Accepting the Responsibility of Leadership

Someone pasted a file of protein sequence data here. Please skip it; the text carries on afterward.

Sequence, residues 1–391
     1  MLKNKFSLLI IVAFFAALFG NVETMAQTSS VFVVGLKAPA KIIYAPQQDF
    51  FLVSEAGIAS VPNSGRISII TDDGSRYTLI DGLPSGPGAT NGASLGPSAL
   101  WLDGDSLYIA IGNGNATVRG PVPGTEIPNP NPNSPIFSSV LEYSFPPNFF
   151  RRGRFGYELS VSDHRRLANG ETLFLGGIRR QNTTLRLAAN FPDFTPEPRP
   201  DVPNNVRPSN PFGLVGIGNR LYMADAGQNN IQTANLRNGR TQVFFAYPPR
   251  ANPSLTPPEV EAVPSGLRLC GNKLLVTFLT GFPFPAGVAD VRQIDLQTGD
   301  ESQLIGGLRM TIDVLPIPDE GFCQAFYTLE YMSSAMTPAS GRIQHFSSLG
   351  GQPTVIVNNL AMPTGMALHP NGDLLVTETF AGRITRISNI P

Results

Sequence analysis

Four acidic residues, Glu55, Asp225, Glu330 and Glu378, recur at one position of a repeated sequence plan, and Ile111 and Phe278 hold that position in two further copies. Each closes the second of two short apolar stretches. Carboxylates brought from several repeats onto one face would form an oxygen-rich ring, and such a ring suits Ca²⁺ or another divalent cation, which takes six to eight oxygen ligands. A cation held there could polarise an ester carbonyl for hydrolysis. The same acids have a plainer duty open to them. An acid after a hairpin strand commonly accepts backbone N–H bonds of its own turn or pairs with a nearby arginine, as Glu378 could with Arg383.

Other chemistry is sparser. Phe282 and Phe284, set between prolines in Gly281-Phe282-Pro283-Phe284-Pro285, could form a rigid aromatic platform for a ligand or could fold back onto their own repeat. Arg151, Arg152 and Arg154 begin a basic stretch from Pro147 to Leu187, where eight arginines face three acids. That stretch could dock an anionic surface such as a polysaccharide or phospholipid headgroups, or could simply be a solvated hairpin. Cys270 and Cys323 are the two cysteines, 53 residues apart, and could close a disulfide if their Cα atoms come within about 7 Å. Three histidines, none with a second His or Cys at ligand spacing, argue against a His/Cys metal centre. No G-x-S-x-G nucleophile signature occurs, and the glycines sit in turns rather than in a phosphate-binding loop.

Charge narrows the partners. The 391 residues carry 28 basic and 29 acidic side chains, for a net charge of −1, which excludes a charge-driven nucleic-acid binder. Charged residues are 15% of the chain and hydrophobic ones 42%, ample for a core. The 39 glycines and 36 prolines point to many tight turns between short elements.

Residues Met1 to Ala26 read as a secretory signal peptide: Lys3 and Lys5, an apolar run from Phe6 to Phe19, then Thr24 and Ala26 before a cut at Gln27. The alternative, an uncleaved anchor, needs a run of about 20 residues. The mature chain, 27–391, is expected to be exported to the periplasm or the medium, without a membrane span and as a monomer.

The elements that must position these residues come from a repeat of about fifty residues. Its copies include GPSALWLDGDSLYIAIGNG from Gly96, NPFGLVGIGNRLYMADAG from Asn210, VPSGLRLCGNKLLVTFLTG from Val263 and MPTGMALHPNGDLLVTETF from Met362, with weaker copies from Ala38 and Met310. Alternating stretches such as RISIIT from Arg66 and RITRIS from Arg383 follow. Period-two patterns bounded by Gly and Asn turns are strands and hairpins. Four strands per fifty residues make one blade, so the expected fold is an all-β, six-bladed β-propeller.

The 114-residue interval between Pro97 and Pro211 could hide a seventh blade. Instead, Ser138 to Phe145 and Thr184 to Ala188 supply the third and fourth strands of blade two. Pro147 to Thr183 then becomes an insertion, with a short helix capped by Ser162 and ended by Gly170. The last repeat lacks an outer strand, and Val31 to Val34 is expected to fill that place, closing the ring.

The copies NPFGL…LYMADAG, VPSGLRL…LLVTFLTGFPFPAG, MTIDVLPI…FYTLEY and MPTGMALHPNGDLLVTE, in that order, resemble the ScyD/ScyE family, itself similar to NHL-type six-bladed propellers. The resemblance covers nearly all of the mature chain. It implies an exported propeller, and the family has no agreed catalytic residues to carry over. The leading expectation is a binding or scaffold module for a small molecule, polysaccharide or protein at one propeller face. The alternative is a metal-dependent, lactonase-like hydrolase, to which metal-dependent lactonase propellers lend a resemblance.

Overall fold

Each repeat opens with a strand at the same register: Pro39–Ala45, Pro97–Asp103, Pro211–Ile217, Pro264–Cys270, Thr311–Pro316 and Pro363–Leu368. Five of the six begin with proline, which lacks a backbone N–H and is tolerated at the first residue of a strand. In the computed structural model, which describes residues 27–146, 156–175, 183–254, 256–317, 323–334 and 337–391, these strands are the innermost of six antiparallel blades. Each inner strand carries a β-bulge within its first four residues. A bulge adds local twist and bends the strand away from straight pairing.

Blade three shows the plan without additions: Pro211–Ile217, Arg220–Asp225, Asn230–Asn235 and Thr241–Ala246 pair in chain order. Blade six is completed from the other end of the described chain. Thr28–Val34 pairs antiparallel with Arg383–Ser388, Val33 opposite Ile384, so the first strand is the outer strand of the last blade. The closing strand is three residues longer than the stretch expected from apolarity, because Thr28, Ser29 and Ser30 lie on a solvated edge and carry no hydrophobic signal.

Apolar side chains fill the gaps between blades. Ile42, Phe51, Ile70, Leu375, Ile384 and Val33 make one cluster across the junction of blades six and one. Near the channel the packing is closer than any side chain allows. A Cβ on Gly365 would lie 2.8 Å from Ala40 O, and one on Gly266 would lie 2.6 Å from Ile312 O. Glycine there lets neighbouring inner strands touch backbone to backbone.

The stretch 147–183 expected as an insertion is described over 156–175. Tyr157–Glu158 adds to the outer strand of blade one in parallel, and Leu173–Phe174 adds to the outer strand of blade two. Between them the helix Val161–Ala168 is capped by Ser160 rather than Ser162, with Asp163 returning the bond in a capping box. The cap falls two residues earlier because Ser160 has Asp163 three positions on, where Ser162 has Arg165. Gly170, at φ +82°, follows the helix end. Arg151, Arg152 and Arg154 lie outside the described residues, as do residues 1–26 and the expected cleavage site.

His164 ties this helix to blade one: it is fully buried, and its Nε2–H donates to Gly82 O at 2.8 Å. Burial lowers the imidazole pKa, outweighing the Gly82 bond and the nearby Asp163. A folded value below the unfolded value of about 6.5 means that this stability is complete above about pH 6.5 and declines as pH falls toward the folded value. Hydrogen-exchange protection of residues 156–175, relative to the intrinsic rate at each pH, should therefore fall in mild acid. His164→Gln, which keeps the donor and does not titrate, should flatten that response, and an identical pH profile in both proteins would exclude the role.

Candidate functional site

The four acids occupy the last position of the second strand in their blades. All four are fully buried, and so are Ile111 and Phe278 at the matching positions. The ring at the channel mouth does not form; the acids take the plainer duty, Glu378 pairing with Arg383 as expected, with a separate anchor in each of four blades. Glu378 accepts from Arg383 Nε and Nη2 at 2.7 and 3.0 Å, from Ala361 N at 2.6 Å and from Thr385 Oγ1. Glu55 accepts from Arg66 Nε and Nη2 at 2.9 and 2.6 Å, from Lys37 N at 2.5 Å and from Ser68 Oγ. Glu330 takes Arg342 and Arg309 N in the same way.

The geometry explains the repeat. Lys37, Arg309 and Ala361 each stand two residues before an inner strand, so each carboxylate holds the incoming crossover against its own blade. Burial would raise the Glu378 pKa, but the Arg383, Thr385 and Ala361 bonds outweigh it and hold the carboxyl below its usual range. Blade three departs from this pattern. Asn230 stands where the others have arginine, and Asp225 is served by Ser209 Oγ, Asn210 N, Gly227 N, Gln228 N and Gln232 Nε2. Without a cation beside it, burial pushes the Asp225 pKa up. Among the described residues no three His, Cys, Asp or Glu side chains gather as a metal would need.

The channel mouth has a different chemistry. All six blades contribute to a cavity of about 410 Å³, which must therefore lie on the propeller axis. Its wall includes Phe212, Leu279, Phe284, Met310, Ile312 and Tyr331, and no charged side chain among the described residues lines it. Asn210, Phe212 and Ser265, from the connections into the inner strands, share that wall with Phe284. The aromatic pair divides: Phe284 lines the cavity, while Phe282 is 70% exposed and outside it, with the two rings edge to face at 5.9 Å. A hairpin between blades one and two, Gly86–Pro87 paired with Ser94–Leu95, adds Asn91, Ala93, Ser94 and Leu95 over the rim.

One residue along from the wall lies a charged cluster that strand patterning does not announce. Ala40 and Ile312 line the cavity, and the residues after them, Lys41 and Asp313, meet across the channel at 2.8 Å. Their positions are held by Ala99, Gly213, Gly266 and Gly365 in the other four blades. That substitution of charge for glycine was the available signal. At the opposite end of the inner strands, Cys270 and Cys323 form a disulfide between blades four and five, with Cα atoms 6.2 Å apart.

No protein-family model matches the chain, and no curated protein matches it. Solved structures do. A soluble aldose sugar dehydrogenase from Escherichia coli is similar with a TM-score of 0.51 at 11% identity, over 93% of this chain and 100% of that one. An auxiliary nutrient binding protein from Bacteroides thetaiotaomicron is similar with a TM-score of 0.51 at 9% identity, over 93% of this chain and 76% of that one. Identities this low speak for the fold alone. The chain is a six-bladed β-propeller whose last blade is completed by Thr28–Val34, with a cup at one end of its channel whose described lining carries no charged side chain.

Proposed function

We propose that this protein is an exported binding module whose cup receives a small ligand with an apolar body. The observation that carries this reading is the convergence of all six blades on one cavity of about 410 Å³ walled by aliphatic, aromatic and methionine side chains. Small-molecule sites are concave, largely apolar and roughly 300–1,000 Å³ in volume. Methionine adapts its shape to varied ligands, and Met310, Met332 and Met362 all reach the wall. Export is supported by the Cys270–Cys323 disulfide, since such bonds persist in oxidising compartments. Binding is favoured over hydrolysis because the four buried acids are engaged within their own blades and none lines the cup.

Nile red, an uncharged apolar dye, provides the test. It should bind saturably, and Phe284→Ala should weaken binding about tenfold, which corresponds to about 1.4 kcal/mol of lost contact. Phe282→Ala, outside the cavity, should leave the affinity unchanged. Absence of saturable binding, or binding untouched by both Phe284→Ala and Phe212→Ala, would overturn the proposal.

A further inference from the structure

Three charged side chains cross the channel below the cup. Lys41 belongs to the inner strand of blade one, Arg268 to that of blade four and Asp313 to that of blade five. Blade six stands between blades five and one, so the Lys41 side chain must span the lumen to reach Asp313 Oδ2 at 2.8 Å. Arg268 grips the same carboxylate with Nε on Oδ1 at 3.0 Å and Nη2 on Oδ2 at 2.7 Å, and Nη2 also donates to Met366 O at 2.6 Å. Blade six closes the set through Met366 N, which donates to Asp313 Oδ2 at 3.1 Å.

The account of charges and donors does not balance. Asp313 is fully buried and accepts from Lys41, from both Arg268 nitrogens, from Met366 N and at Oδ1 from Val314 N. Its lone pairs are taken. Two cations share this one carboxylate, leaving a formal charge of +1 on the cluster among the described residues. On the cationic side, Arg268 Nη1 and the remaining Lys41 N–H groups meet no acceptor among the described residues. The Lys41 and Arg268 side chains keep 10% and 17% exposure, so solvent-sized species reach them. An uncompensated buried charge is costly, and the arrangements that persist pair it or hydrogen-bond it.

What could have been the most important message of World War II is one that was never sent. It was hand-written by Supreme Allied Commander Dwight D. Eisenhower late on June 5, 1944–the night before the D-Day invasion of Normandy–and he kept it in his pocket, he said, “in case it was needed.” Fortunately, it wasn’t. We’ll get to that story in a minute, but first let’s examine “Ike” Eisenhower, the man. Dwight David Eisenhower was only two years old when his family moved to Abilene, Kansas, and for the rest of his life he considered it to be his home town. His nickname, “Ike” was a takeoff on his last name, and, with his older brother, they were known as “Big Ike” and “Little Ike.” As a young boy, he was fascinated with military history, and became an insatiable reader on subject, much to the displeasure of his mother
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